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Genetic and Rare Diseases Information Center (GARD)

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Kawasaki syndrome


Other Names for this Disease

  • Kawasaki disease
  • Mucocutaneous lymph node syndrome
See Disclaimer regarding information on this site. Some links on this page may take you to organizations outside of the National Institutes of Health.

Your Question

I know someone who had Kawasaki syndrome when he was a child. Is there any information about the long-term consequences of this condition in surviving adults?

Our Answer

We have identified the following information that we hope you find helpful. If you still have questions, please contact us.

What is Kawasaki syndrome?

Kawasaki syndrome is a condition that involves inflammation of the blood vessels.[1] It is typically diagnosed in young children, but older children and adults can also develop this condition.[1]  Kawasaki syndrome is usually accompanied by a fever that lasts at least 5 days. Other classic symptoms may include red eyes, lips, and mouth; rash; swollen and red hands and feet; and swollen lymph nodes.[1] Kawasaki syndrome occurs most often in people of Asian and Pacific Island descent.[2]
Last updated: 1/12/2009

Can Kawasaki syndrome diagnosed in childhood have later effects on adults?

Although Kawasaki syndrome is generally self-limiting, 10-15% of children may develop problems in their coronary arteries, even after being treated with aspirin and intravenous gamma globulin (purified antibodies--also known as IVIG).[1] Inflammation of the heart muscle (myocardium), heart valves (endocardium) and/or sac surrounding the heart (pericardium) may occur acutely (at the onset of the disease) or many years later.[3] The most common late complication is the persistence of coronary artery aneurysms (weakened areas of blood vessel that balloons out). Such aneurysms can lead to heart attack at a young age or later in life.[1]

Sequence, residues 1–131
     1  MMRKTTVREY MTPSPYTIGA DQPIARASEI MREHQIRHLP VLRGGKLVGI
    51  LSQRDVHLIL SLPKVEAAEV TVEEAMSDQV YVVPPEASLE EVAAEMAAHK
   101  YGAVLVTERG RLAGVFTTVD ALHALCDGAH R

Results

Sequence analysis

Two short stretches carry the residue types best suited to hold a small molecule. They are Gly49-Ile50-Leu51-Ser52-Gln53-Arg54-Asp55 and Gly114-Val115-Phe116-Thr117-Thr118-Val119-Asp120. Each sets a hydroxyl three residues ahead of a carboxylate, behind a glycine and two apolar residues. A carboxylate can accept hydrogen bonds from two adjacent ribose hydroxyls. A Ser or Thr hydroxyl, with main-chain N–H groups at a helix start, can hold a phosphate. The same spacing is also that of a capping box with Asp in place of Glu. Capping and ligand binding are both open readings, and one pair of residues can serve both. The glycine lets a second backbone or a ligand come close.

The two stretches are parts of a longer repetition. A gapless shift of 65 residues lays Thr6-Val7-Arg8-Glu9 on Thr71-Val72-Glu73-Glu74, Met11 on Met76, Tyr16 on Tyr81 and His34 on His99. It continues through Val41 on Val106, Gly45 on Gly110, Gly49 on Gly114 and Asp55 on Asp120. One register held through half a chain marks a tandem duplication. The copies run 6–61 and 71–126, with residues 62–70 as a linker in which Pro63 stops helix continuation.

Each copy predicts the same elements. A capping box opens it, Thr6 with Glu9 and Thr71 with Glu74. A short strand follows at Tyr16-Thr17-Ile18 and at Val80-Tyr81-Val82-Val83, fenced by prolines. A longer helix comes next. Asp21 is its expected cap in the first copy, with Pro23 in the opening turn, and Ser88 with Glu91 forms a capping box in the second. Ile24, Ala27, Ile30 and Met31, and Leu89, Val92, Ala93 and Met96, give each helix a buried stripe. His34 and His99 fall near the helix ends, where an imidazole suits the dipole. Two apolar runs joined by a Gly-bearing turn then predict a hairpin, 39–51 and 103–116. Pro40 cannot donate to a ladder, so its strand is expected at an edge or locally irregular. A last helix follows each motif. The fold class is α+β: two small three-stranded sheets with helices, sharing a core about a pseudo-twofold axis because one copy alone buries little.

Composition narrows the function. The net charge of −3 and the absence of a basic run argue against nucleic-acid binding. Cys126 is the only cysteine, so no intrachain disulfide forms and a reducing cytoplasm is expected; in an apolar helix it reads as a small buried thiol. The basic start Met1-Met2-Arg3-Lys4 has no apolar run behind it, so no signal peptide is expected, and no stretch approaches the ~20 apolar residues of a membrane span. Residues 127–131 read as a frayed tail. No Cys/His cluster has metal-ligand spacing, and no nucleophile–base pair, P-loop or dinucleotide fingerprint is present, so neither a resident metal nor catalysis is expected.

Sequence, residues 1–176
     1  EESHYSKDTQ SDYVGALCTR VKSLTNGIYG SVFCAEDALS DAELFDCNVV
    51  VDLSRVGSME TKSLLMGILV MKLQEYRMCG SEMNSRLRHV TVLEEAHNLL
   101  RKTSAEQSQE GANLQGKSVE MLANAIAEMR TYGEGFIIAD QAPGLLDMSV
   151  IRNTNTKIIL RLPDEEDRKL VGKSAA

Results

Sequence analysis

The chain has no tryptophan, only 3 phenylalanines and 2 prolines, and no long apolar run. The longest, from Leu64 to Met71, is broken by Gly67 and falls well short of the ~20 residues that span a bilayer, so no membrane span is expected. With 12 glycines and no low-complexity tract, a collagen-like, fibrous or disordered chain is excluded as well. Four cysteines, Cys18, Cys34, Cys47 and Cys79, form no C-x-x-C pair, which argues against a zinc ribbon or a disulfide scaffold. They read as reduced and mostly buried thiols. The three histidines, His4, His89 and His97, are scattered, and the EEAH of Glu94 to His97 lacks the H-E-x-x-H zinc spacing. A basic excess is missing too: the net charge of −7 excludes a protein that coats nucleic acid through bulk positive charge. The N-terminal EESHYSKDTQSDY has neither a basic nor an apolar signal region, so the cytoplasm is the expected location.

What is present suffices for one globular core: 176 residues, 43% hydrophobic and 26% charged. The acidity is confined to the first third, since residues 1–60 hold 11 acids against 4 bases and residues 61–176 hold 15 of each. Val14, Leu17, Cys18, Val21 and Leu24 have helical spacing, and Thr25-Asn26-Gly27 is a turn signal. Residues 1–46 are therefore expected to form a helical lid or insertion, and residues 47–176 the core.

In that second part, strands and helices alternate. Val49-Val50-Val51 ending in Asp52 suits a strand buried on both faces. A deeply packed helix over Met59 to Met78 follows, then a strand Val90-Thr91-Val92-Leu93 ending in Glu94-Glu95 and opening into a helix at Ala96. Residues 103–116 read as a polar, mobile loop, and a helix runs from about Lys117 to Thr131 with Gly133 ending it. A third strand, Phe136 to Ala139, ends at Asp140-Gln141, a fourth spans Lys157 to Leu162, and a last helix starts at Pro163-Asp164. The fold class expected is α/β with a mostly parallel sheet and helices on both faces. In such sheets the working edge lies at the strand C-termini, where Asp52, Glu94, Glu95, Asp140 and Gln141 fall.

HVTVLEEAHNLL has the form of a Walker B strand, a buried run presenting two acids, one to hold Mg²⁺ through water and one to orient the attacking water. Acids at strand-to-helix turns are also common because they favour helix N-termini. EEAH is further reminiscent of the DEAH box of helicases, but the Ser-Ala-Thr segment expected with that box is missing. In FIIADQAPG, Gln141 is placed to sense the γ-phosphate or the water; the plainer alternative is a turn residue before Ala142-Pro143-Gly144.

In addition, adults may present with ischemic heart disease (ischemic means that an organ, in this case the heart muscle, has not received enough blood and oxygen) as a sequela (late effects) of unrecognized Kawasaki syndrome in childhood.[4] 

 

Last updated: 1/12/2009

What management strategies might be employed in adults who survived childhood cases of Kawasaki disease?

Long-term follow-up in patients with Kawasaki disease and coronary aneurysms is recommended.[4] Patients who have had Kawasaki disease should have an echocardiogram every 1 - 2 years to screen for heart problems.[1] Other means of monitoring blood flow to the heart include MRI, and radio-nucleide studies. Abnormalities of the coronary arteries may require ongoing medication, interventional catheterization and/or cardiac surgery.[5]
Last updated: 1/12/2009

References
Other Names for this Disease
  • Kawasaki disease
  • Mucocutaneous lymph node syndrome
See Disclaimer regarding information on this site. Some links on this page may take you to organizations outside of the National Institutes of Health.